MONROVIA: The United States’ ambassador to Liberia has accused lawmakers of “buttering their own bread” and “feathering their own nests” by underfunding hospitals and service centers, leaving rural populations “destitute.”
Michael McCarthy stated that he recently visited several rural counties and “was startled and deeply troubled to encounter multiple county hospitals that received not one penny of what they were promised in the 2022 budget.”
In a statement issued late Monday, he stated that $100,000 would be donated to hospitals.
Meanwhile, the US has committed to spending more than $40 million to create a laboratory in Liberia, which will require $3-4 million in yearly funding from the national government.
“The blocking of resources is so complete that it must be institutional,” McCarthy, whose country is a long-standing supporter of Liberia, said.
He also stated that none of the rural service centers he visited had received any of their budget allocation for 2022, which is typically around $13,000.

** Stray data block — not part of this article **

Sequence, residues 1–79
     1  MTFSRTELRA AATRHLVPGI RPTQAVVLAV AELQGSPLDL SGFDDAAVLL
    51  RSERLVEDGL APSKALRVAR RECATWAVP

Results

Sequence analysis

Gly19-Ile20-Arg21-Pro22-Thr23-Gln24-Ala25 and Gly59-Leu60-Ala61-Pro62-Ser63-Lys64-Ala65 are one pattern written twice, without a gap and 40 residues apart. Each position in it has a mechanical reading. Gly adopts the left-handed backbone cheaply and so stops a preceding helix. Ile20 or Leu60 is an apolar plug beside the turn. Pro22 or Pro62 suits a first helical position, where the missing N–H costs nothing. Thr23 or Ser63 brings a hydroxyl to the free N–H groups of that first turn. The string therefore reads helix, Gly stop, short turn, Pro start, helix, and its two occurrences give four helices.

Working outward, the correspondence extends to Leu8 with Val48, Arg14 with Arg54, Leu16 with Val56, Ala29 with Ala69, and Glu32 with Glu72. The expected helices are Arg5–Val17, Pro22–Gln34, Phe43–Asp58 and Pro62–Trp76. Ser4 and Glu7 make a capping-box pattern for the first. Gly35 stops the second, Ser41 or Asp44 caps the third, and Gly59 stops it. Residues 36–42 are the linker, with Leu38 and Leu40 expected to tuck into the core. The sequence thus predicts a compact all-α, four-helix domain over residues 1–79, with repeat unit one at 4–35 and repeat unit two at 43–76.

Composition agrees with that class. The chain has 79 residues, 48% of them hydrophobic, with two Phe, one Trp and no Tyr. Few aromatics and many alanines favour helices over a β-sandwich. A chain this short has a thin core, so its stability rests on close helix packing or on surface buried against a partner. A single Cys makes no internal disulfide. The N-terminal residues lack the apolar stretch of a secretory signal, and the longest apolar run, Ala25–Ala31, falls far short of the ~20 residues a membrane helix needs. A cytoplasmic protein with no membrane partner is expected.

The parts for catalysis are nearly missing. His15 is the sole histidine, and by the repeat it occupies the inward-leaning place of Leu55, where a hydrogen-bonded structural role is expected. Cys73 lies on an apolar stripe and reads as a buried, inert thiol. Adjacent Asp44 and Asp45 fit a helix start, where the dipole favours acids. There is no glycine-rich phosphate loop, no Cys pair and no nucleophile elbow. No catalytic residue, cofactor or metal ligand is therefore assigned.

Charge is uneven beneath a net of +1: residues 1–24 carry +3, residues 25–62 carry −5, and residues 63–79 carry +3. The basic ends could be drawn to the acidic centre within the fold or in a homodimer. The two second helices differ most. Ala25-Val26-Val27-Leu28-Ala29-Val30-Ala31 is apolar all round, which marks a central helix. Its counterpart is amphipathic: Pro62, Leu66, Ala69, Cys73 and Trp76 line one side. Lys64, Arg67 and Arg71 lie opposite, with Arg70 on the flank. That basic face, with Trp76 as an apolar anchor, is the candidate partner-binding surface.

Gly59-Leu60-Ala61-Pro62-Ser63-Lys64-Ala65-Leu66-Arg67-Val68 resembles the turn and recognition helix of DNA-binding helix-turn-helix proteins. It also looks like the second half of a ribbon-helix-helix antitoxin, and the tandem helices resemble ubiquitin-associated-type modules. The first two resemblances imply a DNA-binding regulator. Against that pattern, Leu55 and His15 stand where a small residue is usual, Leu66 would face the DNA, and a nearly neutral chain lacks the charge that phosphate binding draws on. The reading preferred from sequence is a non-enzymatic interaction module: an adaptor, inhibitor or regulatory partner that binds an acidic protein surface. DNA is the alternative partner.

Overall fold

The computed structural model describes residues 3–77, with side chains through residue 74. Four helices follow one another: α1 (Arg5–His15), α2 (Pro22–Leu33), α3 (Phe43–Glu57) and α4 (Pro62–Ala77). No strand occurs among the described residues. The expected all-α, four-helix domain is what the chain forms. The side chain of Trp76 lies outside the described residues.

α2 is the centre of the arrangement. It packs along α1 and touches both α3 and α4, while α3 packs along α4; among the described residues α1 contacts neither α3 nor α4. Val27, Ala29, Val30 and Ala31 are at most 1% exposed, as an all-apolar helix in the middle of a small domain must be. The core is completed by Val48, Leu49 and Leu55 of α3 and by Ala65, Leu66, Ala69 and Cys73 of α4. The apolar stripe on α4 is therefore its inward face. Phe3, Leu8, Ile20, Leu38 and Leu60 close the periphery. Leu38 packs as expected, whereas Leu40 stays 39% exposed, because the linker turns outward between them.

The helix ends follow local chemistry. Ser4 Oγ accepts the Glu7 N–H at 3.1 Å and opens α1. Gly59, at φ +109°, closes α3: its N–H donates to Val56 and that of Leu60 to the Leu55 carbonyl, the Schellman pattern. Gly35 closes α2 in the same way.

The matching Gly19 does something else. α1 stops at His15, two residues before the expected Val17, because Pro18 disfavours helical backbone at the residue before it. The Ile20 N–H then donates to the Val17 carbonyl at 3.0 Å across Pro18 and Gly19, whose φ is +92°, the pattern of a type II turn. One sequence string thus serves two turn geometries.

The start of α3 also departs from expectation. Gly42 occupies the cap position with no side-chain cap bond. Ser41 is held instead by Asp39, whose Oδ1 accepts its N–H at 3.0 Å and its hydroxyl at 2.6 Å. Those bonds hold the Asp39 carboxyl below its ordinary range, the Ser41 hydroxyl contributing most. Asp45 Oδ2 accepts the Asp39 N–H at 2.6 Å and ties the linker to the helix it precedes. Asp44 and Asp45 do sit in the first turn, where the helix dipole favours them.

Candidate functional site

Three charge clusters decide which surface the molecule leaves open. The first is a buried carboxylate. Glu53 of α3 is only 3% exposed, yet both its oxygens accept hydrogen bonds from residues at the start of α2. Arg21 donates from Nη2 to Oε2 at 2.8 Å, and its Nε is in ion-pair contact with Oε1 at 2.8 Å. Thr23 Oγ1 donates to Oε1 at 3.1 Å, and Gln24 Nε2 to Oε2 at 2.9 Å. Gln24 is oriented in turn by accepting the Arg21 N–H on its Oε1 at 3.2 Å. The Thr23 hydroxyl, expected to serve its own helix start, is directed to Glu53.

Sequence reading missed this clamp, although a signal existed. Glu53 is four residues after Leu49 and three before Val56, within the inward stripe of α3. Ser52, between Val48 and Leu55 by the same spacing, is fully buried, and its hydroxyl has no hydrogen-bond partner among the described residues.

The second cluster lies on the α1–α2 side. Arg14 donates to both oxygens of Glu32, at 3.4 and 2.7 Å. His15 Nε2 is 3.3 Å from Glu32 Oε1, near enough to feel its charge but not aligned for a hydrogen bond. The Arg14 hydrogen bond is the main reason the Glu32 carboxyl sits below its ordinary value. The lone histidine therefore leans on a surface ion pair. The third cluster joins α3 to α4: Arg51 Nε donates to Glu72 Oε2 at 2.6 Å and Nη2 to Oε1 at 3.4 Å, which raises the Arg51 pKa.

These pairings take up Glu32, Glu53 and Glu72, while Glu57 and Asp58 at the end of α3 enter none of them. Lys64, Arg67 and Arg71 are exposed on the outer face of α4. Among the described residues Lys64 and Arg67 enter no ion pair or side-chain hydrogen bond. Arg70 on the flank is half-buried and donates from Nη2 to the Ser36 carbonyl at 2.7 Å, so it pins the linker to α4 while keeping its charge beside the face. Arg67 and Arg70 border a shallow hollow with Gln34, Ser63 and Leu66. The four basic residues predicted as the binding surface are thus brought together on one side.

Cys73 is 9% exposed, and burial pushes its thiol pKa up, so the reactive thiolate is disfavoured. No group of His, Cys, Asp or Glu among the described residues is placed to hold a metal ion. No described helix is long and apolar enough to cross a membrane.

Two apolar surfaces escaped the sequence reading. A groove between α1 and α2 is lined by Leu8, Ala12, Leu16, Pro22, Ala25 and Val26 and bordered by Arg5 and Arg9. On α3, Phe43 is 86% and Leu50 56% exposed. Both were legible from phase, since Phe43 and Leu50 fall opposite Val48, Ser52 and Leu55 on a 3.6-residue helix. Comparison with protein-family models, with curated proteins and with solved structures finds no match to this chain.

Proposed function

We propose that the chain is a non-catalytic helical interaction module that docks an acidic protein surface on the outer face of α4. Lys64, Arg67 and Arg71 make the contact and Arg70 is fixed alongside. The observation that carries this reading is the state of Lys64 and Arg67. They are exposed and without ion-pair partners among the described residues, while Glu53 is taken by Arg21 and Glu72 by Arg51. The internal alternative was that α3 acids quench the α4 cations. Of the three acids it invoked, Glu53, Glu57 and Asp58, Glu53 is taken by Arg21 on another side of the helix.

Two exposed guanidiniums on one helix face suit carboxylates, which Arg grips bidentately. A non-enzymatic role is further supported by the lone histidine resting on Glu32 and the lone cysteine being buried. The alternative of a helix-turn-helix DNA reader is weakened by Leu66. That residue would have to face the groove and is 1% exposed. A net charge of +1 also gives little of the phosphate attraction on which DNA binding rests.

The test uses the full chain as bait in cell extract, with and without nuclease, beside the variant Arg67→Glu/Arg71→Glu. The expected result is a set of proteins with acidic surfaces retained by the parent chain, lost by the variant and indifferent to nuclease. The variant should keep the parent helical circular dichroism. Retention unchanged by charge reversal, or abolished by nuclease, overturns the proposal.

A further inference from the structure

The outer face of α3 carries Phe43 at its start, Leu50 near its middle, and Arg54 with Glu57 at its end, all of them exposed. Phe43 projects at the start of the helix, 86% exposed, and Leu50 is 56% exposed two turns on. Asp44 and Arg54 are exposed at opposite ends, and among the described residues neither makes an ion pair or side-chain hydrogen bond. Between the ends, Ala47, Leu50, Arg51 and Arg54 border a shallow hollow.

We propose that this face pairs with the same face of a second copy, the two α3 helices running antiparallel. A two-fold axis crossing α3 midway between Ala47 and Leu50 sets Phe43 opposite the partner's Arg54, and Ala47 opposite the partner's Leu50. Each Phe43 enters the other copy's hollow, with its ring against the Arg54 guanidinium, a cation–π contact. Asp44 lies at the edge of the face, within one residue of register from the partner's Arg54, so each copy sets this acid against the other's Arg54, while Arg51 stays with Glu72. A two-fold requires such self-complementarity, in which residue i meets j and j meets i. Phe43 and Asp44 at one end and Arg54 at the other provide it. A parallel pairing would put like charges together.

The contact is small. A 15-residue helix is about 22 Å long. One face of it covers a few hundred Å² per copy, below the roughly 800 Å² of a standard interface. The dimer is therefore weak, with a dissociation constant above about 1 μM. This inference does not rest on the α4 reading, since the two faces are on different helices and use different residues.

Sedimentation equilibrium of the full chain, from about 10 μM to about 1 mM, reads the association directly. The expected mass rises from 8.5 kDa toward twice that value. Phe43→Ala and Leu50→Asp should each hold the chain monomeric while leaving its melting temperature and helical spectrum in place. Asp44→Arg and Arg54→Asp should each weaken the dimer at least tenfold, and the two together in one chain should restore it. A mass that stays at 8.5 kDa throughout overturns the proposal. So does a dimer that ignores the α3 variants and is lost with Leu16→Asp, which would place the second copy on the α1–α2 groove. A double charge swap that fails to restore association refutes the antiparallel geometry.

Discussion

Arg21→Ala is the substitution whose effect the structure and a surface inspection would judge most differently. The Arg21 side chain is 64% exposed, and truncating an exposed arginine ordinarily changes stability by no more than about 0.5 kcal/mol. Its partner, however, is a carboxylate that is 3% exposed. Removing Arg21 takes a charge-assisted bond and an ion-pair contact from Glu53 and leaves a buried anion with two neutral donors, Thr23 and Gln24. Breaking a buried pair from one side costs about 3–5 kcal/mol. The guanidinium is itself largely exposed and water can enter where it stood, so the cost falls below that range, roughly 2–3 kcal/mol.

According to him, one such center, which received its allotment five years ago, has not printed marriage certificates for four years since the printer broke.
“It was striking that the further I went from Monrovia, the more elaborate and explicit were the reasons given for the lack of funding from the central government,” said the ambassador, whose successor was appointed in March.
“While hospitals went without, and service centers withered on the vine, (Liberia’s) 30 senators and 73 representatives spent $65 million feathering their own nests.”
He also chastised MPs, senators, and ministers for enjoying duty-free goods and paying lesser taxes than ordinary citizens.
“If the US Congress asks how the elite in Monrovia treat destitute citizens in the leeward counties, my honest response would have to be, ‘those citizens are treated with neglect that borders on contempt,” McCarthy stated.
Graft is widespread in Liberia, which is ranked 142nd out of 180 nations in Transparency International’s 2022 corruption perceptions index.
Several hundred Liberians peacefully demonstrated in December in response to the opposition’s appeal to protest government inefficiency and President George Weah’s claimed indifference to the condition of ordinary Liberians.
Weah will run for re-election in the presidential election on October 10.
Fighting corruption was one of his primary campaign promises in the past election, but the US accused three of his close supporters of corruption and sanctioned them last year.
Weah received their resignations in September.
Liberia was founded as a colony by former US slaves in 1822 and became Africa’s first republic 25 years later.
It is still recuperating from two civil wars that killed 250,000 people.